Skip to comments.Framers' intent still hotly debated
Posted on 06/05/2006 12:35:33 PM PDT by neverdem
Guns are the center of the Second Amendment to the U.S. Constitution.
While the topic is clear, the amendment is fraught with ambiguity and has been subject to conflicting interpretations and often acrimonious debate.
The sharp conflicts are everyday discussion topics, as gun-control advocates claim that firearms have a pivotal role in societal violence, and firearm enthusiasts clamor that restricting guns tramps on the intent and spirit of the Second Amendment.
One of the strengths of the Constitution is its inherent flexibility. The framers understood that the document would be modified over time if it was to remain relevant. A Constitution that embraced precise concepts of the 18th century could not necessarily be applicable to a society dependent on cell phones and Blackberrys. This does not make life easy for citizens or jurists, and brings to mind Winston Churchill's famous observation that democracy is a terrible system of government, but all the others are worse.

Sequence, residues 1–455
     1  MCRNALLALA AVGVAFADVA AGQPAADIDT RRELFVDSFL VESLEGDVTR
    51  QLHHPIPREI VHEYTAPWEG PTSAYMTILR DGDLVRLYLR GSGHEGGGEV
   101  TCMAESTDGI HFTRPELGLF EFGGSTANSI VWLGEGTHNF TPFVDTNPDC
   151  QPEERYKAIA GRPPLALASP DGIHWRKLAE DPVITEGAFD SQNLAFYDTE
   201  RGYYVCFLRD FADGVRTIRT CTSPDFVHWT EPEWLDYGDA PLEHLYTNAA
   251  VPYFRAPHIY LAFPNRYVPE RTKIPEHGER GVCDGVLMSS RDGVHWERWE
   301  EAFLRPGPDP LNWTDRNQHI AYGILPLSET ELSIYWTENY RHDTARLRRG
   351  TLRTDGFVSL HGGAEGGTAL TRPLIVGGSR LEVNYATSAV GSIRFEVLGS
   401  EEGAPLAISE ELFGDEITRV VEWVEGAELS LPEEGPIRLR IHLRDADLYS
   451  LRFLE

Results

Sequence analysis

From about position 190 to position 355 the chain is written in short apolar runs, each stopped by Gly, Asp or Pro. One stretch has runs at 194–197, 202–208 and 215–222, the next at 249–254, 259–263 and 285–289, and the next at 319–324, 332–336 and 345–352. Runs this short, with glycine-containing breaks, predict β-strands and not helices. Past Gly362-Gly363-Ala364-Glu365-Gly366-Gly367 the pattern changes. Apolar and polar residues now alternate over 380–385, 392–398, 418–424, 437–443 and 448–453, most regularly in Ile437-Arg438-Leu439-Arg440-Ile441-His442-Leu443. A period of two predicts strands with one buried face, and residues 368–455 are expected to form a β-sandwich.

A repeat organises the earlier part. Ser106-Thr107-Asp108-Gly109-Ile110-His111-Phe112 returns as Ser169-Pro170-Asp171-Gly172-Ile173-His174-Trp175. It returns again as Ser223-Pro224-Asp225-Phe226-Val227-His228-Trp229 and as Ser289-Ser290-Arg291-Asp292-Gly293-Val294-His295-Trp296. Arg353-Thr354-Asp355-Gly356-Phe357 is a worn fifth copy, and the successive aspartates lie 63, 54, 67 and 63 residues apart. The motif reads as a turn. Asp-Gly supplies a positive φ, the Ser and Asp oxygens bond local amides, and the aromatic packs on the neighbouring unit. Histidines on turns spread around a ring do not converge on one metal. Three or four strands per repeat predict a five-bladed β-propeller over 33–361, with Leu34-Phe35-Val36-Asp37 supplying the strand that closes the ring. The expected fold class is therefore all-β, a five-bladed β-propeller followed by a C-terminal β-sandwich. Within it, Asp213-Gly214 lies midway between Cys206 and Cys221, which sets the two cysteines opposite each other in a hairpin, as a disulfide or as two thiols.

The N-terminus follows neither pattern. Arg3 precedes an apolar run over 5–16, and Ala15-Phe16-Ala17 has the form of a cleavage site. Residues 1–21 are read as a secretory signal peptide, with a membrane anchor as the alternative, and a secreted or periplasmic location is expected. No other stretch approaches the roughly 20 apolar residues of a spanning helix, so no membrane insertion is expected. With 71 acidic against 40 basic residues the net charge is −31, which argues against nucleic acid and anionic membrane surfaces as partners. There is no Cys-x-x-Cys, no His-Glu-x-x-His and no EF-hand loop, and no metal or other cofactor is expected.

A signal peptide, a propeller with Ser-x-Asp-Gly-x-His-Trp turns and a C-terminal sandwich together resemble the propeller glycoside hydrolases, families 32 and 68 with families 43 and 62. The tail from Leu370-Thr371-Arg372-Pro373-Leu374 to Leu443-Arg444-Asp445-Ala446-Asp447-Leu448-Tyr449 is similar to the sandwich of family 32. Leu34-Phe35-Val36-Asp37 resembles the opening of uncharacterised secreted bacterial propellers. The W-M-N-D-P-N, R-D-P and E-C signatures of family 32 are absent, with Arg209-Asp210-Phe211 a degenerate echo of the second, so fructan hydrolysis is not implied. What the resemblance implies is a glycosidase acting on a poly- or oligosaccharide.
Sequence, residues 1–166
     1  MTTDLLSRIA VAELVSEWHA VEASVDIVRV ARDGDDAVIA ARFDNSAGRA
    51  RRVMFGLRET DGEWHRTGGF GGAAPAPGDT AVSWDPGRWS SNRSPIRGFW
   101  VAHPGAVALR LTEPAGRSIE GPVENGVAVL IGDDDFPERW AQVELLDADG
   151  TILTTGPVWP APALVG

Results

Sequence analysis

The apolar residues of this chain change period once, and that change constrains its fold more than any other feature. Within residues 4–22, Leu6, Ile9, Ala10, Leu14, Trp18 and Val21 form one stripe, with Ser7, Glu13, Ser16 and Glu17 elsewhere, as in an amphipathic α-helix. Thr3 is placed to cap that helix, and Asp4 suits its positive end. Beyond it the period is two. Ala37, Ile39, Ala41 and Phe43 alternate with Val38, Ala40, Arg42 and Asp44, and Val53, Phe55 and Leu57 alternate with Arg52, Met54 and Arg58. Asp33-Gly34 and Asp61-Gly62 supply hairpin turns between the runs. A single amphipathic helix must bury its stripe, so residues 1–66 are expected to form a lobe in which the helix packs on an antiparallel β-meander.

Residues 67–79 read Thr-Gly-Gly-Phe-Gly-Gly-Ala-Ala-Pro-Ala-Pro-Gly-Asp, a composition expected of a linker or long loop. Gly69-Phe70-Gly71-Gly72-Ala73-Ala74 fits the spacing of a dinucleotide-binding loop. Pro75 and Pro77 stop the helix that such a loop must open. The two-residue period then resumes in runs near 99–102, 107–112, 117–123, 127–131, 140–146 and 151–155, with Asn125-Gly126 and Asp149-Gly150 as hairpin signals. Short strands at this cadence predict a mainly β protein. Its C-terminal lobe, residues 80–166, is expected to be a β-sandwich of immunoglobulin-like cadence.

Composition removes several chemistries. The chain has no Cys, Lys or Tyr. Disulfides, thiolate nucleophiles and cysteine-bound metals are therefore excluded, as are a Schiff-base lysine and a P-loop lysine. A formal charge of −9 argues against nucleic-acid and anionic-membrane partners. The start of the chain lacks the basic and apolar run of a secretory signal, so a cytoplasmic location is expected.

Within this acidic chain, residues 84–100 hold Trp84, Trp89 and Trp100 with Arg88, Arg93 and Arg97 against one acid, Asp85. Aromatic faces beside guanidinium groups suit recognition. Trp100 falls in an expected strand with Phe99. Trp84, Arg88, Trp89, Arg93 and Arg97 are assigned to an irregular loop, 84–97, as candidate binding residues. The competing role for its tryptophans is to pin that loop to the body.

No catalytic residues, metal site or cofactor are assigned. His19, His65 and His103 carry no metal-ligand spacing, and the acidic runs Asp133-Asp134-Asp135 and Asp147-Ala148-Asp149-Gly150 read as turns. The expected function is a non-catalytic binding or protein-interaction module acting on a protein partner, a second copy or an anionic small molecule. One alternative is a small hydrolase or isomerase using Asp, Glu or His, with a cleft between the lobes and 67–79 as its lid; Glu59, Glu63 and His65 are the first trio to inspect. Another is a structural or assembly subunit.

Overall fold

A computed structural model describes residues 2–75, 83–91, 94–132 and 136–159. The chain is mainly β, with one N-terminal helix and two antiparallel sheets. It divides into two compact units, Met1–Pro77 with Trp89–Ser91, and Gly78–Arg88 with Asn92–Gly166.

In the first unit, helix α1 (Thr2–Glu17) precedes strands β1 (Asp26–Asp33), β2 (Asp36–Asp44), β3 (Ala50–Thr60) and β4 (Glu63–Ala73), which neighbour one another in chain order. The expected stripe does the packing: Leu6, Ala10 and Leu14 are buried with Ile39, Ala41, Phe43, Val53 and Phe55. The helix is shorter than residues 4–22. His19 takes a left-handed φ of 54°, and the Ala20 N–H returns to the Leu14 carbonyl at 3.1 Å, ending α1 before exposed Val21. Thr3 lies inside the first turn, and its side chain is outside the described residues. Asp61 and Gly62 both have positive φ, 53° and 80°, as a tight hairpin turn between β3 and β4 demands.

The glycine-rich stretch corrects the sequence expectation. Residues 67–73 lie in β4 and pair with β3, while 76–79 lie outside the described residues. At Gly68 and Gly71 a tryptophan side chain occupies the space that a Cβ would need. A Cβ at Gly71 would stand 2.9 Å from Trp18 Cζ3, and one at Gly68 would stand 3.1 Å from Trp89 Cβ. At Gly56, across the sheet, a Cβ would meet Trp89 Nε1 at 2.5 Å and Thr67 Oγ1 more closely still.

The murky language of the Second Amendment has created a battle line between both sides of the packing-heat or pack-them-away debate.
"No one has ever described the Constitution as a marvel of clarity, and the Second Amendment is perhaps one of the worst drafted of all its provisions," noted Sanford Levinson of the University of Texas at Austin School of Law in 1989 in "The Embarrassing Second Amendment" in the Yale Law Journal.
The amendment is one sentence comprising two clauses, which are the main cause of conflict.
The opening clause states: "A well regulated militia, being necessary to the security of a free State." No other amendment has a similar clause, which seems to ascribe its purpose, according to Levinson.
Gun control groups consider the clause precise and view the amendment as a collective right of the states to form militias.
The rest of the amendment's sentence, "the right of the people to keep and bear arms, shall not be infringed," loads the interpretation of pro-gun groups' belief that the Second Amendment grants citizens an absolute right to own firearms.
The word "militia" is a stumbling point. Written in a time when the tyranny of King George III was still a raw memory, it could be viewed as a right to arm military forces. However, in the 18th century, most adult males were part of a militia, so perhaps the framers used the word to imply everyman.
The Supreme Court has not fully interpreted the Second Amendment, but courts have agreed that it allows reasonable firearm restrictions.